The Brent oil price showed high volatility and reached close to pre-pandemic levels in 1H 2023. It averaged around USD80/bbl, a sharp decline of nearly 38% from its peak of USD128/bbl in 2022. The inflated price in 2021-22 due to economies reopening after pandemic-related restrictions and Russia’s invasion of Ukraine struggled to maintain the momentum in 1H 2023 as macroeconomic gloom overpowered market fundamentals.
Price volatility so far in 2023 is largely attributed to OPEC+ moves to keep prices high, weaker-than-expected demand growth in China, soaring inflation, persistent interest rate hikes by central banks, the failure of a number of major US banks, the prolonged debate on the US debt-ceiling limit and the unexpected resilience of Russian supply after the 2022 EU ban and the G7 price cap.
Average global oil demand increased by 1.8% to 100.5 million barrels per day (mbpd) in 1H 2023 compared to 98.7 mbpd in 1H 2022, and by 5.5% from 95.3 mbpd in 1H 2021.
Although China’s demand growth was lower than market expectations, as the country’s manufacturing sector struggled with the PMI recording below 50 in 2Q 2023, the country’s reopening led to some rebound in travel demand, supporting crude oil prices. China’s service sector also witnessed growth.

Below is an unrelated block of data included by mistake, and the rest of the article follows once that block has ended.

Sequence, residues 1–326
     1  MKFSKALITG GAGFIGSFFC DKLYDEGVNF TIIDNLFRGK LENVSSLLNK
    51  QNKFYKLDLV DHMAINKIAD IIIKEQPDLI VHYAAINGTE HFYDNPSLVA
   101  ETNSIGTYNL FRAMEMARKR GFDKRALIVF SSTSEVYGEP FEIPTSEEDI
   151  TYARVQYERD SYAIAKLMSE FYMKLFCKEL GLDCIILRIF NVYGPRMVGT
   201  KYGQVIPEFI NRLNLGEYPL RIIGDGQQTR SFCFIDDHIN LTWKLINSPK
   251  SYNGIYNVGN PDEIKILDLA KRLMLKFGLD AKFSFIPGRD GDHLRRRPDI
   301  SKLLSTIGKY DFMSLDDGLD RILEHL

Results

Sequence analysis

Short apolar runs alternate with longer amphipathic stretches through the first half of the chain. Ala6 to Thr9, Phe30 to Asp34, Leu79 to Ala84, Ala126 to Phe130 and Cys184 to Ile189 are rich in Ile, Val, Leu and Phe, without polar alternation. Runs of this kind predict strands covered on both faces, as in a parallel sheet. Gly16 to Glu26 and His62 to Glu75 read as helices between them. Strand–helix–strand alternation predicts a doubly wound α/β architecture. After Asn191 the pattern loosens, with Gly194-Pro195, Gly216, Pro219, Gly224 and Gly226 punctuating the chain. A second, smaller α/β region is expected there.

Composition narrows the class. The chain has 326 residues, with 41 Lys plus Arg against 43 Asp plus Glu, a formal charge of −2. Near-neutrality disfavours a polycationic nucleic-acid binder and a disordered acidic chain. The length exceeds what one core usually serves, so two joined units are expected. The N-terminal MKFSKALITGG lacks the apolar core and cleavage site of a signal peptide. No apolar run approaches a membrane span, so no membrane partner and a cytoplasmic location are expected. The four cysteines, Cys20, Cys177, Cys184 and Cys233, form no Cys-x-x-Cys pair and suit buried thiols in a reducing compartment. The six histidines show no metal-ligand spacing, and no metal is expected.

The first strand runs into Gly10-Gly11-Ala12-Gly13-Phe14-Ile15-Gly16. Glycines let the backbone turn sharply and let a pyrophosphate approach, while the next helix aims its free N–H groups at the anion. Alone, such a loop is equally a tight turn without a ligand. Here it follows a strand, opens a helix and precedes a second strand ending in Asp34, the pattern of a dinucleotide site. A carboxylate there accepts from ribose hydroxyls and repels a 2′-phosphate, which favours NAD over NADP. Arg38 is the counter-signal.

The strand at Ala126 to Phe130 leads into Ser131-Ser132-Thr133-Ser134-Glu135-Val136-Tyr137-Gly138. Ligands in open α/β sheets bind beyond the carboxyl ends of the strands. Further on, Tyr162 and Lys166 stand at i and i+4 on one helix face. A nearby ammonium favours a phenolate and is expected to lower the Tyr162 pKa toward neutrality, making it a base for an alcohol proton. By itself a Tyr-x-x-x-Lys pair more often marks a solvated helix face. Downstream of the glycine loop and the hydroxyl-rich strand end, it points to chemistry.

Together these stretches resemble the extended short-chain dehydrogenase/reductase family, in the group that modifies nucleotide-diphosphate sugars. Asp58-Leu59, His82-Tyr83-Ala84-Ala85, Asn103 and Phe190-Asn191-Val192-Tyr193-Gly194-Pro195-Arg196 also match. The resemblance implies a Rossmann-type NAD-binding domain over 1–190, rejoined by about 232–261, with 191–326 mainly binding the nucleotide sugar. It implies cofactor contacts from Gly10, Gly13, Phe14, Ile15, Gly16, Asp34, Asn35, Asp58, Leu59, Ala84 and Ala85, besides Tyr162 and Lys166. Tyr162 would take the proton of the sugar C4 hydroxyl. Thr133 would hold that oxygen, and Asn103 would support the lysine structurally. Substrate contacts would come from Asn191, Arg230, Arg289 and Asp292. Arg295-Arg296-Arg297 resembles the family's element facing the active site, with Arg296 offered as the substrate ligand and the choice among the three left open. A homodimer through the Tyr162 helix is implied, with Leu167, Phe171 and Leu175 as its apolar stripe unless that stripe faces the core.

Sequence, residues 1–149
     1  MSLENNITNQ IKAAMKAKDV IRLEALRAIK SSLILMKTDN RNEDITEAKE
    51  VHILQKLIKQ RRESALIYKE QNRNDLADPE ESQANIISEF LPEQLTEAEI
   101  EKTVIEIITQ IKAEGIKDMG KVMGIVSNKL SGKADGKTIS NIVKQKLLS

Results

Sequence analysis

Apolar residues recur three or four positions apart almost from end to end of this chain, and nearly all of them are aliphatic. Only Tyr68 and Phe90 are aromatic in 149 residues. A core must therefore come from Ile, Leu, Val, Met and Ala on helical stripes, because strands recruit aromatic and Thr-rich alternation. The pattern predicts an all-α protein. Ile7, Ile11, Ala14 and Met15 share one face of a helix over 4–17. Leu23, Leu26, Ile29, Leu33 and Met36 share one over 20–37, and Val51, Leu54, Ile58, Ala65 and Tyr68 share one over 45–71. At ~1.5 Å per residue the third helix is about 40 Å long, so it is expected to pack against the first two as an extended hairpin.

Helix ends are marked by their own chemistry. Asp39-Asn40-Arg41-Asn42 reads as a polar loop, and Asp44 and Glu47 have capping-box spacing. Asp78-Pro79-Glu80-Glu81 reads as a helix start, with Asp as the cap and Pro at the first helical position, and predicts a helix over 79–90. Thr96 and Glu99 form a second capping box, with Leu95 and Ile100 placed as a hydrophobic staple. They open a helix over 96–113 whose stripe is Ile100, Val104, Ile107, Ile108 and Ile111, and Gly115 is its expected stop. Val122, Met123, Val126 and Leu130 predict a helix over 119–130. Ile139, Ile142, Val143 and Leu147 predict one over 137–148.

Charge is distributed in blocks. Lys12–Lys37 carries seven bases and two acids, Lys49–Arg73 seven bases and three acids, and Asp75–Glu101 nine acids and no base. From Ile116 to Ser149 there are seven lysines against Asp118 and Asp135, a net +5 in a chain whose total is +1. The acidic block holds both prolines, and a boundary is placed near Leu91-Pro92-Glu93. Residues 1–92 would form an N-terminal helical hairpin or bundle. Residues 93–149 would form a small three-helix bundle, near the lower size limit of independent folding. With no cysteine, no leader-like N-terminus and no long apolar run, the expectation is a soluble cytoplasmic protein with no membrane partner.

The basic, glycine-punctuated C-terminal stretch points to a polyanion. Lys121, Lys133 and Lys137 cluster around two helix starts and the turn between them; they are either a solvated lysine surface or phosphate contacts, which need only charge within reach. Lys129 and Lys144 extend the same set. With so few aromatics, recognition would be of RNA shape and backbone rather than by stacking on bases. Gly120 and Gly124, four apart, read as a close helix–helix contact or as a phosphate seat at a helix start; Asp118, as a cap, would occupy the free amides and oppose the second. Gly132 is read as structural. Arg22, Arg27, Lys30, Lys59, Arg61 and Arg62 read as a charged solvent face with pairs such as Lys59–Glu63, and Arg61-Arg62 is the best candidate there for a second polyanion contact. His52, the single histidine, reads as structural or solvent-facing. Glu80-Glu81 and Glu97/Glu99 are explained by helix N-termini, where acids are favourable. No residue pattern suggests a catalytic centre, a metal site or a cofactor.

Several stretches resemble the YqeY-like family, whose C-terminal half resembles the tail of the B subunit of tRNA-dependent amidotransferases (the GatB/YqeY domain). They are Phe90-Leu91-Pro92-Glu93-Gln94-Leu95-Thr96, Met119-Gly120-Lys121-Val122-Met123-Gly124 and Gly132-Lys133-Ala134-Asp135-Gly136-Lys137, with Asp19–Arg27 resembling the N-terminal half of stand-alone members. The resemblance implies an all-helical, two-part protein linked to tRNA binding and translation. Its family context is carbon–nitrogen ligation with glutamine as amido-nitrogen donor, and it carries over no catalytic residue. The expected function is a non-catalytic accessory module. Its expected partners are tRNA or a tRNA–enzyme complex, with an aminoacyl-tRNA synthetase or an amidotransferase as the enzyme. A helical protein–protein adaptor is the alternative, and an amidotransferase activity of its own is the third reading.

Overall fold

Growth in India’s manufacturing and service sector also supported global oil demand; the country’s PMI recorded above 50 regularly in 1H 2023 along with growth in the travel sector, highlighting economic expansion.
In contrast, macroeconomic concerns such as high inflation and increasing interest rates in the OECD nations, particularly in the US and Europe, impacted industrial output, creating headwinds to growth in oil demand in 1H 2023.
Average global oil supply increased by 2.3% to 101.1 mbpd in 1H 2023 compared to 98.8 mbpd in 1H 2022, and by 7.8% from 93.8 mbpd in 1H 2021.
On the supply side, the picture emerged against market expectations of tight supply as non-OPEC production increased to 67.3 mbpd, an increase of 3.4% from 65.0 mbpd in 1H 2022 and 6.5% from 63.2 mbpd in 1H 2021.
Oil supply increased mainly from North America (primarily the US and Mexico) and Central and South America (primarily Guyana, Brazil and Argentina), Norway and Turkmenistan.
Despite the high oil prices, OPEC members’ production remained flat in 1H 2023 from 1H 2022 at 33.8 mbpd. OPEC+** production averaged 37.7 mbpd in 1H 2023, 4.8% lower than the average target production quota of 39.6 mbpd announced during the period.
**Excludes members exempt from cuts: Iran, Libya and Venezuela and the member that announced non-compliance with cuts: Mexico